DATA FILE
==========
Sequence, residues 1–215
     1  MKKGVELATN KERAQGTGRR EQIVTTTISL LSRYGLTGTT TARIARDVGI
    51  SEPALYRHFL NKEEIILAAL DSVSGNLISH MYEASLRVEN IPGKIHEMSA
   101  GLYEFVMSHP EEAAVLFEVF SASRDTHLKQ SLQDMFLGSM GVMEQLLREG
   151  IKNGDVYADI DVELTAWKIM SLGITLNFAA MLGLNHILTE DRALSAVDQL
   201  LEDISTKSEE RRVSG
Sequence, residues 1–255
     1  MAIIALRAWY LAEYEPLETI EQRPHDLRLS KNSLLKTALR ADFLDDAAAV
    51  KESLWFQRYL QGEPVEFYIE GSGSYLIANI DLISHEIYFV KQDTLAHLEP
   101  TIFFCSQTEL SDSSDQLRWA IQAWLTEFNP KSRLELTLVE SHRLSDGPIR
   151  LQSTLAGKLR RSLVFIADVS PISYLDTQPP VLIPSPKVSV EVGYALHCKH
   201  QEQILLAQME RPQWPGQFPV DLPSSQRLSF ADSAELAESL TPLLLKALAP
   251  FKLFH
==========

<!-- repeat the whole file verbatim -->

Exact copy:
Sequence, residues 1–215
     1  MKKGVELATN KERAQGTGRR EQIVTTTISL LSRYGLTGTT TARIARDVGI
    51  SEPALYRHFL NKEEIILAAL DSVSGNLISH MYEASLRVEN IPGKIHEMSA
   101  GLYEFVMSHP EEAAVLFEVF SASRDTHLKQ SLQDMFLGSM GVMEQLLREG
   151  IKNGDVYADI DVELTAWKIM SLGITLNFAA MLGLNHILTE DRALSAVDQL
   201  LEDISTKSEE RRVSG
Sequence, residues 1–255
     1  MAIIALRAWY LAEYEPLETI EQRPHDLRLS KNSLLKTALR ADFLDDAAAV
    51  KESLWFQRYL QGEPVEFYIE GSGSYLIANI DLISHEIYFV KQDTLAHLEP
   101  TIFFCSQTEL SDSSDQLRWA IQAWLTEFNP KSRLELTLVE SHRLSDGPIR
   151  LQSTLAGKLR RSLVFIADVS PISYLDTQPP VLIPSPKVSV EVGYALHCKH
   201  QEQILLAQME RPQWPGQFPV DLPSSQRLSF ADSAELAESL TPLLLKALAP
   251  FKLFH